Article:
August 31, 2019 Poker News, Live Poker News Petr Černý

Angle Shooting Controversy at PokerStars EPT Barcelona Main Event

Chinese pro Quan Zhou sparked controversy at the PokerStars EPT Barcelona Main Event yesterday after attempting what appeared to be a very clear attempt to angle shoot his opponent, the commentators on the feature table shocked…

Zhou was facing a re-raise from his opponent, Nikolay Ponomarev,when he made as if to push his cards to the dealer. However, he then pulled them back – a big no-no in poker etiquette.

In the commentary booth, Ben Spragg and Joe Stapleton were shocked. “Whoa, whoa, whoa! What?” was the immediate response, disbelief as Zhou then tried to claim he was merely moving his cards from one side of his chip stack to the other.

“There is a big difference between those two motions,” said Stapleton, his colleague adding: “That was some definite forward motion of the cards.”

For it to be a proper angle-shooting effort, Zhou would have to be looking for a response from his opponent, which some said wasn’t obvious, despite Staples claiming so.

However, though hard to see in real time, eagle-eyed poker fans on Twitter were soon on the case and producing damning evidence…

There was very little doubt in most fans’ minds as to Zhou’s intent, a quick Twitter poll offering up a resounding ‘angleshooter’ result…

The rest of the hand passed off without incident. Zhou’s call was accepted by the dealer and the Chinse player folding to the subsequent flop c-bet from Ponomarev.

Since Zhou didn’t release his cards, it’s not technically a fold. Even though some feel it should be treated the same way as forward motion of chips…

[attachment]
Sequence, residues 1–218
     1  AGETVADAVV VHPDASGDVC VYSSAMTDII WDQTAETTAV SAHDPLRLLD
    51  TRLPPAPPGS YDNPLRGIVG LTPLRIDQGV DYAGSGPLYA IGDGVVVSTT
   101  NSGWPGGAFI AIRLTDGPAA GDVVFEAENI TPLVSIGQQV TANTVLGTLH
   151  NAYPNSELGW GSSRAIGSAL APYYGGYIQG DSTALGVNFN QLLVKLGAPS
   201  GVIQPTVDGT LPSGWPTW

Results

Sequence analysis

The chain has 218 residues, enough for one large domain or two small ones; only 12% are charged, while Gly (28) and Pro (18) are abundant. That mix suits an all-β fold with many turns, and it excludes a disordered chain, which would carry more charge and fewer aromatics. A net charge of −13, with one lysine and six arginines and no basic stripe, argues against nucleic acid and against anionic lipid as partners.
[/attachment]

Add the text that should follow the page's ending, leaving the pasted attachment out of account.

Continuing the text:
Angle-shooting aside for a moment, the two players share a strange coincidence of sorts.

In 2017 Zhou was the WSOP Main Event bubble-boy. Though he didn’t go home empty-handed, receiving a $10k entry to the following year’s tournament as a consolation prize.


The following spring, Ponomarev didn’t bubble the PokerStars Megastacks in London. He actually won it – but he also received a sweet freebie, a $25k PSPC Platinum Pass to the Bahamas.


Poker isn’t exactly short on examples of angle-shooting, those instances where the rules don’t exclude certain behavior. But common decency and etiquette seriously frown upon them.

Two very well-known cases spring to mind:

Ivan Freitez, in the PokerStars EPT Madrid Grand Final back in 2011, performed this horrible act. Not for the first time as you’ll see explained in the video…

More recently, Alec Torelli was involved in the daddy of all angleshoots, given how viral it went after Doug Polk picked up on it.

Torelii was playing on Poker Night in America, a televised cash game when he somehow managed to find his big chips hidden from his opponent’s view.

When Daniel Wolf went all-in, he was shocked to see just how much Torelli had behind, and that sparked all kinds of trouble.

Polk and Torelli had a long and very public argument, several videos worth in fact. But here’s an outsider’s view on whether Torelli deliberately hid his chips or not…

Although angleshooting isn’t cheating, by definition, it’s a surefire way to find yourself hated by the majority of right-thinking poker players.

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